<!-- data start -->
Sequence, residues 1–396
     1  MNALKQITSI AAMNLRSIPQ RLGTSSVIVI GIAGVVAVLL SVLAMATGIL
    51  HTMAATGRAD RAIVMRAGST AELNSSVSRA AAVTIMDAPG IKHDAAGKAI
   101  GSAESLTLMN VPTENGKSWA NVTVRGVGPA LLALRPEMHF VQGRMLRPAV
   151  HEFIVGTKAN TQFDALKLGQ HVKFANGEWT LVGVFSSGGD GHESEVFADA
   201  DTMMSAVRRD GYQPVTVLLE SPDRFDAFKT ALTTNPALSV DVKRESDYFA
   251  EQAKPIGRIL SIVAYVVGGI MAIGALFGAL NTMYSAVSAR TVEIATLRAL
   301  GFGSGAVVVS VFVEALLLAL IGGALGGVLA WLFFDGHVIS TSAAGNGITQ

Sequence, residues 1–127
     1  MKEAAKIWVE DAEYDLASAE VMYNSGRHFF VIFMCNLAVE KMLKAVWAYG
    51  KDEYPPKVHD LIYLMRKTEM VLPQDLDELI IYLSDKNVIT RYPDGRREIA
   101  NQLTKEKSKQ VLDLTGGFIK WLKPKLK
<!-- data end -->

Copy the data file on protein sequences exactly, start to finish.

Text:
Sequence, residues 1–396
     1  MNALKQITSI AAMNLRSIPQ RLGTSSVIVI GIAGVVAVLL SVLAMATGIL
    51  HTMAATGRAD RAIVMRAGST AELNSSVSRA AAVTIMDAPG IKHDAAGKAI
   101  GSAESLTLMN VPTENGKSWA NVTVRGVGPA LLALRPEMHF VQGRMLRPAV
   151  HEFIVGTKAN TQFDALKLGQ HVKFANGEWT LVGVFSSGGD GHESEVFADA
   201  DTMMSAVRRD GYQPVTVLLE SPDRFDAFKT ALTTNPALSV DVKRESDYFA
   251  EQAKPIGRIL SIVAYVVGGI MAIGALFGAL NTMYSAVSAR TVEIATLRAL
   301  GFGSGAVVVS VFVEALLLAL IGGALGGVLA WLFFDGHVIS TSAAGNGITQ

Sequence, residues 1–127
     1  MKEAAKIWVE DAEYDLASAE VMYNSGRHFF VIFMCNLAVE KMLKAVWAYG
    51  KDEYPPKVHD LIYLMRKTEM VLPQDLDELI IYLSDKNVIT RYPDGRREIA
   101  NQLTKEKSKQ VLDLTGGFIK WLKPKLK